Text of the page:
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Galactosemia is a rare but potentially life-threatening disease that results from the inability to metabolize galactose. Serious consequences from galactosemia can be prevented by screening newborns at birth with a simple blood test.

Galactosemia is an inborn error of metabolism. "Metabolism" refers to all chemical reactions that take place in living organisms. A metabolic pathway is a series of reactions where the product of each step in the series is the starting material for the next step. Enzymes are the chemicals that help the reactions occur. Their ability to function depends on their structure, and their structure is determined by the deoxyribonucleic acid (DNA) sequence of the genes that encode them. Inborn errors of metabolism are caused by mutations in these genes which do not allow the enzymes to function properly.

Sugars are sometimes called "the energy molecules," and galactose and glucose are both sugars. For galactose to be utilized for energy, it must be transformed into something that can enter the metabolic pathway that converts glucose into energy (plus water and carbon dioxide). This is important for infants because they typically get most of their nutrient energy from milk, which contains a high level of galactose. Each molecule of lactose, the major sugar constituent of milk, is made up of a molecule of galactose and a molecule of glucose, and so galactose makes up 20% of the energy source of a typical infant's diet.

Three enzymes are required to convert galactose into glucose-1-phosphate (a phosphorylated glucose that can enter the metabolic pathway that turns glucose into energy). Each of these three enzymes is encoded by a separate gene. If any of these enzymes fail to function, galactose build-up and galactosemia result. Thus, there are three types of galactosemia with a different gene responsible for each.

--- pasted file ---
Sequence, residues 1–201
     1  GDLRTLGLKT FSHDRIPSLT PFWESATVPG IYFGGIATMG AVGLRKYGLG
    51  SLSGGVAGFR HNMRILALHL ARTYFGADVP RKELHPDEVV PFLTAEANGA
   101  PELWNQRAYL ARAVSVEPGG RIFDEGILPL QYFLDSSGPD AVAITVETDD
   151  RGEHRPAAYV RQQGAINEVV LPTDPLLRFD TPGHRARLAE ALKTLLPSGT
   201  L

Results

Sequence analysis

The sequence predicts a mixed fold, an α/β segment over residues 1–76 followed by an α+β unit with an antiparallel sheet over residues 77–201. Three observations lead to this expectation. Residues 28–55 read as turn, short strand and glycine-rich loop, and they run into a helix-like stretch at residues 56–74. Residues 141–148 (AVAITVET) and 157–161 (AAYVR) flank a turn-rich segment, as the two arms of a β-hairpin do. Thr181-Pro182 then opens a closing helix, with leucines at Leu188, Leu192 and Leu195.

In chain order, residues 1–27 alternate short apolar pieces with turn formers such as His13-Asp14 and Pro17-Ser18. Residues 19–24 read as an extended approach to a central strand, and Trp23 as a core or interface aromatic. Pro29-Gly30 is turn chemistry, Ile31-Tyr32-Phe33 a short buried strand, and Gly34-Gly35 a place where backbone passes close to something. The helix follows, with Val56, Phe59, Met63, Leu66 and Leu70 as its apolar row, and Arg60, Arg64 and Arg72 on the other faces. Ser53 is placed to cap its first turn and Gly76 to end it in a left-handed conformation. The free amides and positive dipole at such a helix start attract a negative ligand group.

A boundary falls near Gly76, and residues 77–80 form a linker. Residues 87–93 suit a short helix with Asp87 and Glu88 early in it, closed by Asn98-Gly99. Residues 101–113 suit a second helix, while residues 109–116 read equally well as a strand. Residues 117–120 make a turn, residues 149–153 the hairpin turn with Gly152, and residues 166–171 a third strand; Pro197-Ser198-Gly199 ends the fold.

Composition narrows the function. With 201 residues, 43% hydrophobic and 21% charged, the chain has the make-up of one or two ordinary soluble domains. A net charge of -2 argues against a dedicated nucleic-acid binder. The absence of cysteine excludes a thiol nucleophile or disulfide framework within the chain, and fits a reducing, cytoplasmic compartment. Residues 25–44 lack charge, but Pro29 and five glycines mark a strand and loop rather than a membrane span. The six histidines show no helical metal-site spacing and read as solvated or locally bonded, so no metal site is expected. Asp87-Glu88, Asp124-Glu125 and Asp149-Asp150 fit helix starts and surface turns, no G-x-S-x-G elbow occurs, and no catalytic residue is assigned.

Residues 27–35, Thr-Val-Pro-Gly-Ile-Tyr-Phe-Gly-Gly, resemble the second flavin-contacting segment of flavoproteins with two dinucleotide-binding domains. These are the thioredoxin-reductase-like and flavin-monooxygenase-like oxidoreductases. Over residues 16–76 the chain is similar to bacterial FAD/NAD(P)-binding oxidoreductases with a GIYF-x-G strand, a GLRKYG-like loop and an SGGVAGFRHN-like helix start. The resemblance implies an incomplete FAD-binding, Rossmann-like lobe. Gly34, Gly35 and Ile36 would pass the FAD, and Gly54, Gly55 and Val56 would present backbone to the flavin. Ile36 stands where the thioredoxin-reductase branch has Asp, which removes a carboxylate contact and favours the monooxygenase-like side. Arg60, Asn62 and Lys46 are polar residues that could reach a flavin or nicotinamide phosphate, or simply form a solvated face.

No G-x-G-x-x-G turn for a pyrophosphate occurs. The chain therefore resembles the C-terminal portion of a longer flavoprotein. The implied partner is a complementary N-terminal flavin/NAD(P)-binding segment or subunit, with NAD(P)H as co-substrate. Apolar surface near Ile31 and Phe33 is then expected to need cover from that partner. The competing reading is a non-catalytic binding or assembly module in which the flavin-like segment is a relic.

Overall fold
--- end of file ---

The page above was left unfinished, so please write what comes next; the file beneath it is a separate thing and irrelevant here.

Every cell in a person's body has two copies of each gene. Each of the forms of galactosemia is inherited as a recessive trait, which means that galactosemia is only present in individuals with two mutated copies of one of the three genes. This also means that carriers, with only one copy of a gene mutation, will not be aware that they are carrying a mutation (unless they have had a genetic test), as it is masked by the normal gene they also carry and they have no symptoms of the disease. For each step in the conversion of galactose to glucose, if only one of the two copies of the gene controlling that step is normal (i.e. for carriers), enough functional enzyme is made so that the pathway is not blocked at that step. If a person has galactosemia, both copies of the gene coding for one of the enzymes required to convert glucose to galactose are defective and the pathway becomes blocked. If two carriers of the same defective gene have children, the chance of any of their children getting galactosemia (the chance of a child getting two copies of the defective gene) is 25% (one in four) for each pregnancy.

Classic galactosemia occurs in the United States about one in every 50,000-70,000 live births.

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